Wedding Bliss

Getting married? Better start studying. Planning a wedding takes work, no matter how simple the ceremony and reception. Procrastinating is not an option. Cramming is. Think of the following as a study guide.

Focus On Weddings


Study, study, study

Brush up on what to wear, send, serve and hear at Prima, an afternoon of wedding seminars, displays and demonstrations by some of the area's top wedding professionals. Highlights include a preview showing of bridal and bridesmaid's gowns by Priscilla of Boston and Vera Wang, buffet luncheon by Linwood's/Due and seminars on everything from attire and invitations to gifts and entertainment by wedding consultant Elizabeth S. Bailey.

The event runs from noon to 4 p.m. Jan. 30 at the Cloisters in Brooklandville. It costs $35 for a bride and her guest to attend. To make reservations, which are required, call 410-557-4494.

The look

Now for a pop quiz. Pick an actress whose style best describes the look of today's wedding dresses:

a) Ally McBeal -- short, short

b) Jennifer Aniston -- (right) sophisticated and bare

c) Ellie May -- frills, frills and frills

d) none of the above

The answer, in case you didn't know, is b.

Dresses for the Big Day have not only gotten simpler over the last few seasons, they've gotten skimpier up top, too.

First there were classic sheaths, then spaghetti straps atop tulle ballerina skirts. Now gowns are going strapless.

It's shocking at first, but then the look sort of grows on you. Consider the satin strapless sheath from Lady Eleanor (above, $350). Sure, your grandmother would have a fit at the very thought of her baby baring her shoulders on her wedding day. However, the dress is spare, elegant and sophisticated. And if you ever embark on a new career as a lounge singer, you've already got something to wear.

Available at David's Bridal, which has stores in Rockville and Glen Burnie. For a store near you, call 800-399-BRIDE.

Bright ideas

What's hot for weddings, according to the newly launched In Style Weddings:

Bridal hair: A flurry of jeweled or pearl scatter pins instead of a veil

Bridal shoes: Yves Saint Laurent silver stilettos

Bouquet: Sunset-colored roses bound with yellow tulle and golden ribbon

Rings: Anything platinum

Invitations: Your new monogram

Music: Two bands, a polka band and a wedding band, or an R&B band and a swing band

Color: Silver, as in silver-rimmed dishes, flower containers, tablecloths

Must-have accessory: Man's best friend, appropriately attired, of course. (Yes, we mean a dog.)

Drinks: Vodka, coffee

Wedding cake: Tiny individual tiered mini-cakes

Favors: Personalized conversation hearts

Little something extra: a $100,000 fireworks display

Lasting memories

The new kids on the block in wedding accessories have something unique for you.

The wedding accessories for sale at the Hannah Elizabeth Collection in Stevenson are just the thing for traditional brides and grooms who want the items they select for their wedding to be not only of good quality, but also something they will treasure in years to come.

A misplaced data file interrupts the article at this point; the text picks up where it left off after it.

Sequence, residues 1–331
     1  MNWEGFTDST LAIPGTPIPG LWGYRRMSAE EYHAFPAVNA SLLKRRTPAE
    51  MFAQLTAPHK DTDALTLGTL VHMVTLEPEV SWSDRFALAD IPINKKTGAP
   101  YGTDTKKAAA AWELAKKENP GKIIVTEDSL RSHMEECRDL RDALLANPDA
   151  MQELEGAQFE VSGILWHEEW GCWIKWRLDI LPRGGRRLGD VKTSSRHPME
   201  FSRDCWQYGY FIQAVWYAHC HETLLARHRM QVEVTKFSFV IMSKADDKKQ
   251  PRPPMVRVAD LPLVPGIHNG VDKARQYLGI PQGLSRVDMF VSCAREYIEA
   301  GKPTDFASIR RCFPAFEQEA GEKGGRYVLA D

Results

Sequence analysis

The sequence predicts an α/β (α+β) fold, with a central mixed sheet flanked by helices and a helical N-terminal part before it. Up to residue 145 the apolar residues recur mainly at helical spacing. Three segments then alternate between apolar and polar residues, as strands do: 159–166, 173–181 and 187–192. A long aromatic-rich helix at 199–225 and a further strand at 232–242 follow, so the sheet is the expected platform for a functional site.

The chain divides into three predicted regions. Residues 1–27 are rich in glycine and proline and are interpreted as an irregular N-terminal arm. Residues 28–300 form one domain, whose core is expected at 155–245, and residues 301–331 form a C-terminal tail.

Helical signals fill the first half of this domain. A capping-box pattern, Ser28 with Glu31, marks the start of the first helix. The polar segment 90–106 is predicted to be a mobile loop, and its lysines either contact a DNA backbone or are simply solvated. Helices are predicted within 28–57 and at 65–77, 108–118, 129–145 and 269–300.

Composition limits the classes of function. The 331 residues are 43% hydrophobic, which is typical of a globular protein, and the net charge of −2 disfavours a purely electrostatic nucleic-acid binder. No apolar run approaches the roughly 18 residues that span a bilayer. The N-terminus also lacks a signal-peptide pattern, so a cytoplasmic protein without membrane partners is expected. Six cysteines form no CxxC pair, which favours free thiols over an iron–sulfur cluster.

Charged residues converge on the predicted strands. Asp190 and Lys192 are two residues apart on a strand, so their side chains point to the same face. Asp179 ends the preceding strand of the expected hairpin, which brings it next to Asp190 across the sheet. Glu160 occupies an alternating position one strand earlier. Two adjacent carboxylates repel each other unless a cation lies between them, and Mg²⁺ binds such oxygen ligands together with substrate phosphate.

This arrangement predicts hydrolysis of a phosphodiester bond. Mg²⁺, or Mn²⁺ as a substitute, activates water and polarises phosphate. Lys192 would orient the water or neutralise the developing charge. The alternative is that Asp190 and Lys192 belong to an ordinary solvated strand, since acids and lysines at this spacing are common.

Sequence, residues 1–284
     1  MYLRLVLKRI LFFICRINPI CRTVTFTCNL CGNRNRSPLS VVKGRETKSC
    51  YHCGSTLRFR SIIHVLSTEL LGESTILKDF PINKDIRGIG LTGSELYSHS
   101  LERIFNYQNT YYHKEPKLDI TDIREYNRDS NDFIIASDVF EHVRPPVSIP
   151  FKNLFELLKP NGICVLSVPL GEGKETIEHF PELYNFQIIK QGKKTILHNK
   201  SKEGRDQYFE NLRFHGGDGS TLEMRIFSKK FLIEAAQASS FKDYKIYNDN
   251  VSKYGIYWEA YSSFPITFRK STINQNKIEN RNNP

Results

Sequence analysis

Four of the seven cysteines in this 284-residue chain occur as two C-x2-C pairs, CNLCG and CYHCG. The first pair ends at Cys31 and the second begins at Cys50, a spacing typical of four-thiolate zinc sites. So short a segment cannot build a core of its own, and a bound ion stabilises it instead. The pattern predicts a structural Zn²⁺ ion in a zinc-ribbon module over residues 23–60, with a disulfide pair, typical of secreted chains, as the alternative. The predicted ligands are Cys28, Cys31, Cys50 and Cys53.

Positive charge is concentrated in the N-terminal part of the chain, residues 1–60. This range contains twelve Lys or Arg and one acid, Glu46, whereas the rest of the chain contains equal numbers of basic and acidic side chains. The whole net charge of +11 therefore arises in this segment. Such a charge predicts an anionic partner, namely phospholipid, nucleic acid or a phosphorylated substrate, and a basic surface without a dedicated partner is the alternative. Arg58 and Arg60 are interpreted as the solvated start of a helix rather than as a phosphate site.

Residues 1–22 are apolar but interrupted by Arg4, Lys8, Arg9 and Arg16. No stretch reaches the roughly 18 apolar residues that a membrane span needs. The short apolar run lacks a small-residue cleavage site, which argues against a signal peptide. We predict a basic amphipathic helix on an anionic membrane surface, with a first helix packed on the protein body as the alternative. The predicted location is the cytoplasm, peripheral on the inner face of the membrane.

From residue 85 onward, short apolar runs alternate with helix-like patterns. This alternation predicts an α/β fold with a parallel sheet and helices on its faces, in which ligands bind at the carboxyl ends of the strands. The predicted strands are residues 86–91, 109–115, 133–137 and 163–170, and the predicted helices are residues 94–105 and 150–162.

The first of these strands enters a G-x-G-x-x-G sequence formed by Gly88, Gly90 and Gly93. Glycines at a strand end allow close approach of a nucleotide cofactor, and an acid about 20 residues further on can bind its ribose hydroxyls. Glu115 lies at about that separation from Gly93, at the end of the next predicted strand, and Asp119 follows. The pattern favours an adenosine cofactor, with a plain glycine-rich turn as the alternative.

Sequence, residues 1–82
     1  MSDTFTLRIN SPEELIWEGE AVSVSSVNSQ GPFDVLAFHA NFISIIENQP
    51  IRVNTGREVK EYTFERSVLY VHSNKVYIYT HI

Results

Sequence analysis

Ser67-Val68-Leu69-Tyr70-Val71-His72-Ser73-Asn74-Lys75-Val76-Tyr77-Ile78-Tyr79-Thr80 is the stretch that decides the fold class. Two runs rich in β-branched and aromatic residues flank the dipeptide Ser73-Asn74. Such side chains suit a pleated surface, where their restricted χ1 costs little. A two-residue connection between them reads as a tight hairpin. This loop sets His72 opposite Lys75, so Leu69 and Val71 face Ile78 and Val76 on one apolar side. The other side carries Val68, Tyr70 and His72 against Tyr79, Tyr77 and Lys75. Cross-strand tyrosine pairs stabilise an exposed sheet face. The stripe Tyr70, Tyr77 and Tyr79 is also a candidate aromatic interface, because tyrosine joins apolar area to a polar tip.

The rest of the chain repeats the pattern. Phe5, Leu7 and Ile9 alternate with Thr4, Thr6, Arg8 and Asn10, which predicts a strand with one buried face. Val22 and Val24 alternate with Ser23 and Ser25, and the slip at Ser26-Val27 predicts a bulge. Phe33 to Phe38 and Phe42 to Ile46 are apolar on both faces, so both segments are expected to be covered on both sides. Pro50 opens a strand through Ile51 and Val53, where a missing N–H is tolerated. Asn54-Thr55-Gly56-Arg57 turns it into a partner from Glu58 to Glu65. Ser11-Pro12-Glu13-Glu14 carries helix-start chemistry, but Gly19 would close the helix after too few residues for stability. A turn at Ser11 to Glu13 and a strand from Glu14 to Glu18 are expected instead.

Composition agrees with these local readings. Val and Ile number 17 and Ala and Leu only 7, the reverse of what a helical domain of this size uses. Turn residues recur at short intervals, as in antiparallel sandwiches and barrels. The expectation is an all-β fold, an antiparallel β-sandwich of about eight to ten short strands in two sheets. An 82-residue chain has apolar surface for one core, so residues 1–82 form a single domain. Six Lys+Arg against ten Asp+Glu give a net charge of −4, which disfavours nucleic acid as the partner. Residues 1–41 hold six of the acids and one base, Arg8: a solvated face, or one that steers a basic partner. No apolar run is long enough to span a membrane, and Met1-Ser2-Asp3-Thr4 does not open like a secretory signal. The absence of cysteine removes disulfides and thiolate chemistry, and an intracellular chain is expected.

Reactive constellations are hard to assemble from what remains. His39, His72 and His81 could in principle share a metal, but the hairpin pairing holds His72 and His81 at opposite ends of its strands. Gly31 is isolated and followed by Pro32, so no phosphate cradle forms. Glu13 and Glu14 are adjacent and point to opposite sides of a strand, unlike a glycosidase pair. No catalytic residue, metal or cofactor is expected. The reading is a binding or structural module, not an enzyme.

The store, which opened several months ago, is the result of a partnership between Hannah Keys Rodewald of the Pleasure of Your Company and wedding consultant Elizabeth S. Bailey. The women have scoured artist studios and showrooms around the country searching for items which "are not typical card-store items," Bailey says.

Some finds:

* Satin, silk and crocheted lace garter, Brocare, $19.95

* Personalized brocade ring-bearer's pillow, Jill Krasner, $44.95

* Handmade, linen-bound guest book detailed with dried flowers and satin ribbon and filled with unlined pages so guests can write more than just their names, Rag & Bone Bindery, $69.95

* Bride-and-groom bubble gum, Kencraft, $2.50 each

By the numbers

1,270: Number of pages in the February/March issue of Bride's magazine

4.8: Weight of magazine in pounds. The Guinness record for "World's Largest Consumer Magazine" was broken (according to Bride's).

$25,000-$27,000: Average cost of a wedding in 2000, according to In Style Weddings

$200,000: Cost of fashion designer Erisa Katsura's one-of-a-kind Millennium gown, with hand-applied platinum leaf

$249: Cost of a designer wedding dress at Filene's Basement's legendary sale

A perfect fit

Now for some math.

Mom's wedding dress is a size 6. You're a 12. Short of calling in a magician, is there any hope of wearing her dress down the aisle?

Yes, according to Robyn Flipse and Jacqueline Shannon, authors of "The Wedding Dress Diet" (Doubleday, 229 pages, $14). The book is no magic bullet -- the weight loss plans inside advocate a balanced diet and exercise. But the book also includes helpful tips on managing wedding-related stress, handling potentially disastrous pre-wedding eating events and finding the right wedding dress for your figure.

Groom's new duties

The old definition:

groom / n.

Person bride will marry whose only wedding planning duties are to show up at the church on time.

The new definition, according to "For the Groom" by Colin Cowie (Delacorte Press, 133 pages, $24.95):

groom / n.

Person the bride will marry, whose wedding planning duties may include choosing the menu and wine for the reception, selecting a band, arranging transportation for wedding guests, buying cigars, writing thank-you notes, making honeymoon travel arrangements, and getting a facial, haircut and teeth cleaning two weeks before the wedding.

What, no bouquet toss?

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